A Tokyo Coffee Crawl


[trip style = food/wine + urban + steals]

Living on the West Coast of Canada a mere three hours from Seattle {aka: coffee Grand Central}, I'm predisposedby osmosisto caring A LOT about coffee. Obsessed with all things coffee, coffee shop and coffee culture, I seek it out every day AND wherever I travel.

To me, a good barista bar is a prime connection to a city's soul; a window into its creative side; a place to wind up or wind down. And, when you find your place and your people: it's a great avenue to ask "what's cool?" in the city you're visiting.

Trip Styler Tip: Many coffee shops in Japan don't open until 10 or 11am. 

Recently I was in Tokyoone of my favorite cities in the worldand made it my mission to seek out the java-scape. Fortunately, over the past 10 years, Japan has been going through a craft coffee coup, so tapping into the caffeine scene wasn't too difficult. Here are the standouts:


Omotesando Koffee
Tucked into the narrow backstreets of Omotesando, the koffee shop bearing the same name, is minimalist to the max stationed in a 60-year-old house. In this indoor/outdoor space, the wood-adorned and seatless interior is highlighted by two bonsai trees, while the rock- and tree-encased outdoor area is an ode to the traditional Japanese garden. Order the cubes of baked custard. When you taste them, you'll understand why they're the only non-brew on the menu {and my newest epicurean obsession}.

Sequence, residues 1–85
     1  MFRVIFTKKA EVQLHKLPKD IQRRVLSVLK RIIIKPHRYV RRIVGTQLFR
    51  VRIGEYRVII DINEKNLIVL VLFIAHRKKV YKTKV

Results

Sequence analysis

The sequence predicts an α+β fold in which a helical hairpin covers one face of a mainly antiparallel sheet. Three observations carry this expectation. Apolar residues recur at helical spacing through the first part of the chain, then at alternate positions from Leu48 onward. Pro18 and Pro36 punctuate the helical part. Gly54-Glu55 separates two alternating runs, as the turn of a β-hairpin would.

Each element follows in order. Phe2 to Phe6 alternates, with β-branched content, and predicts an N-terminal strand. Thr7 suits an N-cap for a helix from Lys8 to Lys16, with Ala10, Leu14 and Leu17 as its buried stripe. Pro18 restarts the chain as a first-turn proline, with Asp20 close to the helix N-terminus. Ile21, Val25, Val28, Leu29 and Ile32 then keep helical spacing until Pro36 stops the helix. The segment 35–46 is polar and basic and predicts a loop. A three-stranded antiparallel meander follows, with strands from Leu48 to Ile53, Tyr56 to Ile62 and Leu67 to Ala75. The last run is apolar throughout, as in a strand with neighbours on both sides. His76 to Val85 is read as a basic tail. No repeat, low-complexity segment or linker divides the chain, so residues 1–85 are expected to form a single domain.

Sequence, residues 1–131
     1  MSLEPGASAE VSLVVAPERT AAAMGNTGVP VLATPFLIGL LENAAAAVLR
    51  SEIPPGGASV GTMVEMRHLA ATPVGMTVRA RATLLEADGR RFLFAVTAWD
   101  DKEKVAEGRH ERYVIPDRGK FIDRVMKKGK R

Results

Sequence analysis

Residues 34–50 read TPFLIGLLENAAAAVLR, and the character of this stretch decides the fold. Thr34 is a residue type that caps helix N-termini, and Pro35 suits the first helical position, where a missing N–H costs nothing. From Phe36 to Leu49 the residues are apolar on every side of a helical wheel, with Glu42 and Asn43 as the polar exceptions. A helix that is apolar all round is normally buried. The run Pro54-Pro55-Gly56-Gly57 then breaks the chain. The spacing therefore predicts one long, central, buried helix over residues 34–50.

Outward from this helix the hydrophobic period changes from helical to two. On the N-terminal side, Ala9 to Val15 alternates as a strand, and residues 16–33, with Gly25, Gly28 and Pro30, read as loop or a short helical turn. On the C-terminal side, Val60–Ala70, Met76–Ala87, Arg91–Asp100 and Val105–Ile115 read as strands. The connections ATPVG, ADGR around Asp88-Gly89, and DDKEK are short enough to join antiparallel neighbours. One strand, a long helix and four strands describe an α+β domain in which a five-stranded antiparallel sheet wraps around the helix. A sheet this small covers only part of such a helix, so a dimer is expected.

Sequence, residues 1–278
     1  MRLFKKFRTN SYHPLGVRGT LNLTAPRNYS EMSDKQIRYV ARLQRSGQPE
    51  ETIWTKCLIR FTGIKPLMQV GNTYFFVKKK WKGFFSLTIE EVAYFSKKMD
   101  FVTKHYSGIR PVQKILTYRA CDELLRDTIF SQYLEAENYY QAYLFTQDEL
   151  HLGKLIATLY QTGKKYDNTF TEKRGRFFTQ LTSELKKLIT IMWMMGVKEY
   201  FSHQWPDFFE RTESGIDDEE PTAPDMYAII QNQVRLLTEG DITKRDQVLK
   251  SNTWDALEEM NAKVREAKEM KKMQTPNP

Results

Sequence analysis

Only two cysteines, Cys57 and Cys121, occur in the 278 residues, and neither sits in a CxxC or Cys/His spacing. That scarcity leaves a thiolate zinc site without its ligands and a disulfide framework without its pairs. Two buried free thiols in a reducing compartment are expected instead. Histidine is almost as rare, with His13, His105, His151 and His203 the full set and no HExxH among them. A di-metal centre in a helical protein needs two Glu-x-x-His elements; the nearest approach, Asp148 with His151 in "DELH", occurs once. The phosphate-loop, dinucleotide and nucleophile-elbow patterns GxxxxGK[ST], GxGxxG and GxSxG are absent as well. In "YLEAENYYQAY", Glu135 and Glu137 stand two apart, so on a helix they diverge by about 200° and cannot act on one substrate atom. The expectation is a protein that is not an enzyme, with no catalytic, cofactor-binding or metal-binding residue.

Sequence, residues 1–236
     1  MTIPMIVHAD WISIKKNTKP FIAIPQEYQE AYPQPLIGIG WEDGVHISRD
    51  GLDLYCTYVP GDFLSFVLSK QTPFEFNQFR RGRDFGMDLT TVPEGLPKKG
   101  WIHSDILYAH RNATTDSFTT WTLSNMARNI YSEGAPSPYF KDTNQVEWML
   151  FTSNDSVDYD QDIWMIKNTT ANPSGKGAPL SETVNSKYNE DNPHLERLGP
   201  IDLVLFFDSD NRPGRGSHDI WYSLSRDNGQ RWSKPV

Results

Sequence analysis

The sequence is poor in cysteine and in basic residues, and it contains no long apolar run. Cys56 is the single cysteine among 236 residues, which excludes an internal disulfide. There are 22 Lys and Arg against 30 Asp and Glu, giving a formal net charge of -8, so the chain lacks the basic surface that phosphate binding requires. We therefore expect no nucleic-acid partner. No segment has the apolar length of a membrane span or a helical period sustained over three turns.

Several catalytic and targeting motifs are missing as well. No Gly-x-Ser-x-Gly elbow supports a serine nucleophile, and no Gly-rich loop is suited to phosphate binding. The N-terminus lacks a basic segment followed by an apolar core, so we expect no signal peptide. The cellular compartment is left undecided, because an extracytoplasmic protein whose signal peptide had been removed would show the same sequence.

Café Kitsuné
Benches, bamboo and bonsai set the tone for this international java stop. Doubling as a chic, Paris-based retail store selling sweatshirts and lifestyle wear that redefine casual, plan on spending much more than a few yen on a cappuccino at Café Kitsuné, especially if you fall in love with the J'adore Paris sweatshirt like I did. Fun fact: Baristas are trained by the gent behind Omotesando Koffee. 


Shozo Coffee Store
Just a few blocks from Cafe Kitsuné, we came across another steamy stop for joe. Unlike the others we'd met, Shozo was fully open-air {protected by a canvas roof}, and offered a treasure trove of treats from scones to cookies to shopping totes. It's also part of Tokyo's homage to food trucks and pop-up shops in a space called 246 Common {where we ate dinner the night before but failed to notice this place because it's waaaay in the back}.


Nui Cafe and Bar Lounge
Situated on a side street near the the Kuramae Metro station, Nui is a hostel {a word you don't often read on TS, except here} and local hangout for denim- and fedora-wearing cats looking for a woodsy whereabouts to crunch a croissant and express themselves through espresso. Cafe by day, lounge by night; there's no bad time to stop by, partly because the area is a one-stop-shop for wised-up eateries.

[photos by @TripStyler + @MrTripStyler]